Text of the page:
Once upon a time I found potato salad loathsome. Family picnics and other summer get-togethers were not a good introduction to the dish. Since I was a child that despised hard boiled eggs, mayonnaise, and/or meals without spice or flavor, potato salad in Minnesota during the 1980's left me cold. When I was tasked with bringing potato salad for a dreaded "lesbian potluck" I was pissed. It was a side dish that held no interest but I persevered. I knew about German potato salad but wasn't a fan of vinegar at the time. In addition the internet wasn't as prolific and accessible as it is now so I didn't know there were varieties as I wasn't cooking as much in my late teens.
Over the years my recipe has evolved. From dill to Hungarian paprika to celery seed, I've used many spice combinations in order to create a potato salad that had flavor. It was also important for my potato salad to be refreshing rather than an eggy blap fest. So please enjoy this take on an American favorite. I promise Minnesotans and those from either coast will be pleased.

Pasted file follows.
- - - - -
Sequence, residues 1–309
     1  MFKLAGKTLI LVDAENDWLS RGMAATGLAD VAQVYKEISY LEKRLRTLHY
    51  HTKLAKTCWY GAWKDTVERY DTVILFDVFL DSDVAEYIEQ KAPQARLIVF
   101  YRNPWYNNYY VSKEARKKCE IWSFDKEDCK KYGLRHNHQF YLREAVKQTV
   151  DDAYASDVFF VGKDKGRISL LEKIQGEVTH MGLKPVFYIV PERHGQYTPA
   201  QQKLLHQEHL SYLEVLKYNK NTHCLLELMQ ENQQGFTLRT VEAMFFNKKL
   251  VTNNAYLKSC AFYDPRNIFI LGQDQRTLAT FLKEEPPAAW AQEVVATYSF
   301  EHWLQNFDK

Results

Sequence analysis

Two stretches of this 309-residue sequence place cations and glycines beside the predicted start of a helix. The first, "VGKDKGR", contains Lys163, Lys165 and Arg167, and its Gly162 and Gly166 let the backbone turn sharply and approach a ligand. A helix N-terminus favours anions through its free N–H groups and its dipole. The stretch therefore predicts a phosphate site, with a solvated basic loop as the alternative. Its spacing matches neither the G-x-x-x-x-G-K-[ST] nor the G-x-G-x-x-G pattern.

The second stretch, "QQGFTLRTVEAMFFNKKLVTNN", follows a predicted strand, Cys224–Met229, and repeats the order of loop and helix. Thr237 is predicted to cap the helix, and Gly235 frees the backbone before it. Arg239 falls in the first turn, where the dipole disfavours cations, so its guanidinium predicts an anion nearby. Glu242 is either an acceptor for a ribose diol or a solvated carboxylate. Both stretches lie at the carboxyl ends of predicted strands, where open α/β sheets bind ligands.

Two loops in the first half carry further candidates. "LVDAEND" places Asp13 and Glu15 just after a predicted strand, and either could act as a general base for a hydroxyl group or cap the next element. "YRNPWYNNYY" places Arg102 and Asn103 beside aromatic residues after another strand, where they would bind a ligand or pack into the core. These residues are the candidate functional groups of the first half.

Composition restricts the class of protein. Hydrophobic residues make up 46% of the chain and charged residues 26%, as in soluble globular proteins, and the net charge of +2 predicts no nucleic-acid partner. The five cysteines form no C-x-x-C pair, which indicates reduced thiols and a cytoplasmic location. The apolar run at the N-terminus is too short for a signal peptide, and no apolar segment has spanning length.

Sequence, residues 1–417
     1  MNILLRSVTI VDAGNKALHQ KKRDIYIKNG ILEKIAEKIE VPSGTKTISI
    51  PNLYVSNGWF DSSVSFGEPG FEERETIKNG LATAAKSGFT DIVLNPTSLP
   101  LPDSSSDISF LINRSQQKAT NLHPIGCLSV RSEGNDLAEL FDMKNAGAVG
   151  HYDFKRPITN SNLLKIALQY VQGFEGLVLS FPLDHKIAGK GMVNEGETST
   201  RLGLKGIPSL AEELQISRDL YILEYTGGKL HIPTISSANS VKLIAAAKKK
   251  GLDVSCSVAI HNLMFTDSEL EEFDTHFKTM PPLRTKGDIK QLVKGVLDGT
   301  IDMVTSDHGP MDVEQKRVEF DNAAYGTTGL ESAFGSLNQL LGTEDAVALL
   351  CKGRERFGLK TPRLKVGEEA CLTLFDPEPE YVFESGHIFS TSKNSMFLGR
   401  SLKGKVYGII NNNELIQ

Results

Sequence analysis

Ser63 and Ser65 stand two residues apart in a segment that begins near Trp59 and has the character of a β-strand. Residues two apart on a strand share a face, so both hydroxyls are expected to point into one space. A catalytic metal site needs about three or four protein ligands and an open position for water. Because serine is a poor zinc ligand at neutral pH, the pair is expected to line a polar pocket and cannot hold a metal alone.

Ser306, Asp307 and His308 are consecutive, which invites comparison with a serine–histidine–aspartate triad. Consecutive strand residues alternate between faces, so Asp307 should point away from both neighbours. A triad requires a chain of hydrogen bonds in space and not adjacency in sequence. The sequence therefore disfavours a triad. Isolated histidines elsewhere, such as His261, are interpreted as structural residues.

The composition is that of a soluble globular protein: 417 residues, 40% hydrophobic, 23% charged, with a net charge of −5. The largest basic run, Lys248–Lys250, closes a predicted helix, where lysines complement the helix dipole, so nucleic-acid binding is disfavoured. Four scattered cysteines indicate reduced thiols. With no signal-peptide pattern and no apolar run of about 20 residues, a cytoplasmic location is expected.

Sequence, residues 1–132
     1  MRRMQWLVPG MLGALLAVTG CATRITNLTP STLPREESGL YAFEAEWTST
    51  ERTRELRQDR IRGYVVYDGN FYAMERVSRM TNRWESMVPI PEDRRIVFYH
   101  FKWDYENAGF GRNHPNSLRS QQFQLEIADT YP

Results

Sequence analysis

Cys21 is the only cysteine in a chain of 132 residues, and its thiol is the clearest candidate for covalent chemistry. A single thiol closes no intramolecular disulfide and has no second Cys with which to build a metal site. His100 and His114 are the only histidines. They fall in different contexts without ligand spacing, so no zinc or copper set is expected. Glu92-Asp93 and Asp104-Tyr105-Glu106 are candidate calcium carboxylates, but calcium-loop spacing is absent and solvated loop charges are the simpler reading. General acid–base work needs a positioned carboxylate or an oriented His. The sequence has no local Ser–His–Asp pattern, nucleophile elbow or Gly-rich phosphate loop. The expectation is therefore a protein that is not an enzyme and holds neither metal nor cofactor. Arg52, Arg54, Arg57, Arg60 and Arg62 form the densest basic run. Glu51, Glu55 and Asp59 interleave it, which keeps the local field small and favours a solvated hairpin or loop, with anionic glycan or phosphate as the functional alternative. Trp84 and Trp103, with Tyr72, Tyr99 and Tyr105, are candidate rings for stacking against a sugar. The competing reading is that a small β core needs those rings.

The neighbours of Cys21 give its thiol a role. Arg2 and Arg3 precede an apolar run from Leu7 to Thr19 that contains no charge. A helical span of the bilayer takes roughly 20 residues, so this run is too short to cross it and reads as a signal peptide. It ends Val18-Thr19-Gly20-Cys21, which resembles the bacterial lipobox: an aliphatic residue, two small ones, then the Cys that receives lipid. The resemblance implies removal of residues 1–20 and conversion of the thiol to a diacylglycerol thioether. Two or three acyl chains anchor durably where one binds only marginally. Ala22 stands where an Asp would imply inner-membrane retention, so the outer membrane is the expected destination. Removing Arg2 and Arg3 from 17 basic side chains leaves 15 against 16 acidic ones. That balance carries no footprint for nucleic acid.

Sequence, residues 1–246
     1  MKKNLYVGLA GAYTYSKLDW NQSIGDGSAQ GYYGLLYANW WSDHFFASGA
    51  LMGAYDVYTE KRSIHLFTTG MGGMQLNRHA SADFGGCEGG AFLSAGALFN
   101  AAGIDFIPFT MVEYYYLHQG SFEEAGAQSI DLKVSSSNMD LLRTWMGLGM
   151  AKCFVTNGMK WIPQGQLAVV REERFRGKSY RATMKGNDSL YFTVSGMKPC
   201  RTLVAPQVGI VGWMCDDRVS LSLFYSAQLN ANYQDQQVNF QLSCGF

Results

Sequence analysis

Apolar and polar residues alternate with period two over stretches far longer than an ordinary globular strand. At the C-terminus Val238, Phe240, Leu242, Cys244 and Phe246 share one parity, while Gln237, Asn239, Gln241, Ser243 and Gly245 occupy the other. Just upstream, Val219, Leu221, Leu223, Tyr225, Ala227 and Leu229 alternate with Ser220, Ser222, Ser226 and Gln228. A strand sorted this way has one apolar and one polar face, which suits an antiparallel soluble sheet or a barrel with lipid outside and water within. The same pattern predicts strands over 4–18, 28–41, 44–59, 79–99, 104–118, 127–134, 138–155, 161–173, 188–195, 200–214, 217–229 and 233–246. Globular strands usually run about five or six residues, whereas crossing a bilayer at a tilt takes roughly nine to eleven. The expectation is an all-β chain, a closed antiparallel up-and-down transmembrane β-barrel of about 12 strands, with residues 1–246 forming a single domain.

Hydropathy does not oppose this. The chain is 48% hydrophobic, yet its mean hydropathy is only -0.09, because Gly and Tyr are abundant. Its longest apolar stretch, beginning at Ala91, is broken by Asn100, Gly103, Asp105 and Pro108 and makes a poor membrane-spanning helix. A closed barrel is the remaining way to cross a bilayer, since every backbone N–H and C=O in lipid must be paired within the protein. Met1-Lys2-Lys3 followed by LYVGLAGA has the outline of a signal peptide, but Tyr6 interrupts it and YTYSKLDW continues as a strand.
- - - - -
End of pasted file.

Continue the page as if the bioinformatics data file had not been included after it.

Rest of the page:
Roughly 8 medium potatoes (I like to mix half purple potatoes and half gold potatoes)
6-7 eggs hard-boiled in water with 1-2 tsp vinegar
1 1/2 cups European style whole milk yogurt
4 ribs celery finely chopped
1/2 cup finely chopped radishes
1-2 large dill pickles
1/4 cup dill pickle juice
4 tsp Dijon mustard
1 clove finely grated garlic
1 1/2 tsp dill
1 1/4 tsp kosher salt
1/2 - 3/4 tsp freshly ground black pepper
3oz mild but salty sheep's cheese (like Ossau Iraty) finely chopped
Handful celery leaves chopped
Boil & then simmer potatoes until cooked but fairly firm. Hard-boil the eggs. While they're cooking combine in medium steel bowl yogurt, Dijon, garlic, dill, salt, and pepper. Once eggs are peeled and potatoes have cooled, chop them separately and combine in a large pot or dutch oven. Add to pot scallions, radishes, pickle, celery, and cheese. Then add yogurt mixture and stir ingredients until just blended. Garnish with celery leaves. Refrigerate for at least 3 hours but I think it tastes best settled overnight.